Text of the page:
Asian markets enjoyed broad gains for a third day on Wednesday but investors moved more cautiously as they took stock of the latest trade developments and looked to possible headwinds.
New York provided another record lead on lingering optimism after the United States and Mexico agreed on a revised free-trade deal and Canada began talks that could see them join, reports BSS.
However, while the news was seen as a much-needed boost after Donald Trump threatened to tear up the North American Free Trade Agreement when he took office, there remain concerns about his ongoing tariffs row with China that has rattled markets for months.
Washington could soon also impose levies on $200 billion of Chinese goods, which would come on top of the $50 billion already being hit.
“Latest news headlines seem to be easing market worries over a trade war for now,” Kengo Suzuki and other forex strategists at Mizuho Securities said in a note.
“But it may be a bit too early to become fully optimistic, given fears that the Trump administration may impose additional tariffs on $200 billion worth of Chinese goods as early as next month and US-China summit talks are expected after the US mid-term elections in November,” they said.
Still, for now traders are upbeat. Tokyo went into the break 0.7 percent higher and Hong Kong added 0.3 percent.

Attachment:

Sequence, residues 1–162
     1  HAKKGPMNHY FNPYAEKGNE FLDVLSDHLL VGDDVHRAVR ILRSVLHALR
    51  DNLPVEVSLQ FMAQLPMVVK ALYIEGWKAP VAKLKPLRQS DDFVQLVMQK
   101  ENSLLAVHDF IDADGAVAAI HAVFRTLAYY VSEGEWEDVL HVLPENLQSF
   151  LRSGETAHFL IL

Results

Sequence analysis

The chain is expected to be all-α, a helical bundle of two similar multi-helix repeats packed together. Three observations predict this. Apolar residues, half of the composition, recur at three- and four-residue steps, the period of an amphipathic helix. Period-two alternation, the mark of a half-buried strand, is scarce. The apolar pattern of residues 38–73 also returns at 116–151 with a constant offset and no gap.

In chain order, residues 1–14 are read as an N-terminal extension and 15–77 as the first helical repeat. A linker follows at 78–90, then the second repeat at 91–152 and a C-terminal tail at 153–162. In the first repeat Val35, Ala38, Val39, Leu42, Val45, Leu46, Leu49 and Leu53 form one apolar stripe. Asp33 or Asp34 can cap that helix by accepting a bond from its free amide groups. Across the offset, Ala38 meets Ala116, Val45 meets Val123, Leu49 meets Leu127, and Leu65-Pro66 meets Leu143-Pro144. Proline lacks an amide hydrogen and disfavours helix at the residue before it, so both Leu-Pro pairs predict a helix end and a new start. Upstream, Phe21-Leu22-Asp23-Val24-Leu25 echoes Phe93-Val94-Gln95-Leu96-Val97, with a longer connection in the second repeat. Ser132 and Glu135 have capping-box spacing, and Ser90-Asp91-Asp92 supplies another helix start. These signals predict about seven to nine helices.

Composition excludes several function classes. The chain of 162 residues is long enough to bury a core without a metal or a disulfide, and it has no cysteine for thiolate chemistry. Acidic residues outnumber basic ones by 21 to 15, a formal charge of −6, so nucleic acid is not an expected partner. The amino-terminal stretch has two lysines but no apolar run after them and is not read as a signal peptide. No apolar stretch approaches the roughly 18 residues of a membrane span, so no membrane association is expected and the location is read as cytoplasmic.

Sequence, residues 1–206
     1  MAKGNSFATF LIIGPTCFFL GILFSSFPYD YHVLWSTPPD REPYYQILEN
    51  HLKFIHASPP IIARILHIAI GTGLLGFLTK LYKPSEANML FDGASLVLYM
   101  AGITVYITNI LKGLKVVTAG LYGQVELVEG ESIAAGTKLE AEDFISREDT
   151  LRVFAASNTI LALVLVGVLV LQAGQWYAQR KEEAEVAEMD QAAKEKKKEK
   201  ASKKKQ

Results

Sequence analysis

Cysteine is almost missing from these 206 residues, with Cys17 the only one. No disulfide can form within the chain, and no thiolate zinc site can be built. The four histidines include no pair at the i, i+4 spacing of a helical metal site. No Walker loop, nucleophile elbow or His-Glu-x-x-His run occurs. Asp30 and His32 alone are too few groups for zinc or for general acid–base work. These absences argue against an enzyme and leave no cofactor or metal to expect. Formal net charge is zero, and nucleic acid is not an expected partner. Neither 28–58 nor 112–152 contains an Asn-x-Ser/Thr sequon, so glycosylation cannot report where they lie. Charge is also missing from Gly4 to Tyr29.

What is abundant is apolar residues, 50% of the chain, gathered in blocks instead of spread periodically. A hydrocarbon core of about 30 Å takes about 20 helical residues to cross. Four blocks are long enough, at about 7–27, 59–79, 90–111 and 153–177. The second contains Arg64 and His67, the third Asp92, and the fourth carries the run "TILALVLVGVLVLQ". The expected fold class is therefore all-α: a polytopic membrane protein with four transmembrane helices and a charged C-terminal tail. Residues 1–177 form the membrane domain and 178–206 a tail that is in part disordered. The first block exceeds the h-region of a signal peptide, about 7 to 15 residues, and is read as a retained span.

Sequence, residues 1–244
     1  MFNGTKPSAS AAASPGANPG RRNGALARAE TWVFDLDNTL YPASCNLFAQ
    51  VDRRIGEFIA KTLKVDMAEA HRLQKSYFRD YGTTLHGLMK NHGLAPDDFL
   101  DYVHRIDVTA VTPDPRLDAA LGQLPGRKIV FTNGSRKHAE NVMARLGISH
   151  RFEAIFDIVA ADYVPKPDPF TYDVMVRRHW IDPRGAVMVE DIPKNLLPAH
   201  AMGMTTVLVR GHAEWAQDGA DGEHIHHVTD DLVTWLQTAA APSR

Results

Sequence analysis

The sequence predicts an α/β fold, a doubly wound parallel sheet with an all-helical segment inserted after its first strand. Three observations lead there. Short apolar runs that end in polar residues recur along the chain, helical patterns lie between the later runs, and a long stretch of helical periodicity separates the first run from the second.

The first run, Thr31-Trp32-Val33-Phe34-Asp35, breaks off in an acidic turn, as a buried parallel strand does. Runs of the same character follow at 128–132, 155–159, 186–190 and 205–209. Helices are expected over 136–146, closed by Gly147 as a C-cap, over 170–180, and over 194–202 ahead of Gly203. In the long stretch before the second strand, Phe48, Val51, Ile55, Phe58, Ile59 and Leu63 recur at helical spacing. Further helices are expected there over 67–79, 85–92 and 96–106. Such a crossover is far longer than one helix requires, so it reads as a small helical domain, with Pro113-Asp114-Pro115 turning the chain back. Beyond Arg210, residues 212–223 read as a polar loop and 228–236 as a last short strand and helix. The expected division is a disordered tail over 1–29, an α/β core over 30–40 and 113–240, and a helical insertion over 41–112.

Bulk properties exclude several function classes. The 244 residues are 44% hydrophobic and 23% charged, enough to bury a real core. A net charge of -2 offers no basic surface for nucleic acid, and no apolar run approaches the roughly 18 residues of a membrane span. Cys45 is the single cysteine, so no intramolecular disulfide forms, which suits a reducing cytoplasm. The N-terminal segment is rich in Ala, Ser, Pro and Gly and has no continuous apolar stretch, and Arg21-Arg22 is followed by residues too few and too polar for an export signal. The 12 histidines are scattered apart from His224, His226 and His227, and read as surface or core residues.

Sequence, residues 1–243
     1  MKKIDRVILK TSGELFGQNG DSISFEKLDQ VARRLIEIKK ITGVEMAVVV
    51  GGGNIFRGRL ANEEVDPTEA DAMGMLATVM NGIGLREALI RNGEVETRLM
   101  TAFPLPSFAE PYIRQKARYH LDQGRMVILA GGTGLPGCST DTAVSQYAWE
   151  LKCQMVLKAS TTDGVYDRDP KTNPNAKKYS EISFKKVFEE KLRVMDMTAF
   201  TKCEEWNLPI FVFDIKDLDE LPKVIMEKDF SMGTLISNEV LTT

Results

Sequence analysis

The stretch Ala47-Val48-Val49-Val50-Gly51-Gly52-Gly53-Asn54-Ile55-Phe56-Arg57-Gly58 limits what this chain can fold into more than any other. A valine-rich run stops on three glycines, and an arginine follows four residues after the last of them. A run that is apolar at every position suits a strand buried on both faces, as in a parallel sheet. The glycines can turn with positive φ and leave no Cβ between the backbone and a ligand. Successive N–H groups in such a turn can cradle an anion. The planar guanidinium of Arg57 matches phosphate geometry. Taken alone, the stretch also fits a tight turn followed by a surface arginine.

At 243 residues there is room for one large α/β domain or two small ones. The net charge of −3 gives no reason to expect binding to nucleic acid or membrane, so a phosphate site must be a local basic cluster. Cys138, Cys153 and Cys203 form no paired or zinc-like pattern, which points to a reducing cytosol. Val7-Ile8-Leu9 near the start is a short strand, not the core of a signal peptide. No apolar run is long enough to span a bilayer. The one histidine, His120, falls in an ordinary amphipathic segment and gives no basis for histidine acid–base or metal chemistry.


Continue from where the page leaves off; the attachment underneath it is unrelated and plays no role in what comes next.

Sydney rose 0.3 percent while Singapore and Seoul each edged up 0.1 percent. Wellington and Taipei also rose but Shanghai lost 0.4 percent.
“Overall the US-Mexico deal has deflected attention away from Trump’s legal setbacks as investors may see the light at the end of the tunnel — hoping that the US-Sino trade dispute can end in an equally friendly manner,” Stephen Innes, who heads Asia-Pacific trade at OANDA, said in a note.
On currency markets, the Mexican peso gave up all the gains made on the back of the trade deal news and was down 1.7 percent Wednesday as observers questioned the agreement.
Its “underperformance can be attributed to numerous reports suggesting the preliminary trade agreement… is far from complete and it still needs US Congress approval”, said Rodrigo Catril, senior foreign-exchange strategist at National Australia Bank.
“In a nutshell, it seems that many contentious issues remain unresolved and there is a very tight timeline that needs to follow if a NAFTA deal is to be ratified by the current US Congress.”
The pound was also struggling to recover after British Prime Minister Theresa May seemed to hint she was open to a possible no-deal Brexit, saying leaving the EU without an agreement would not be a disaster.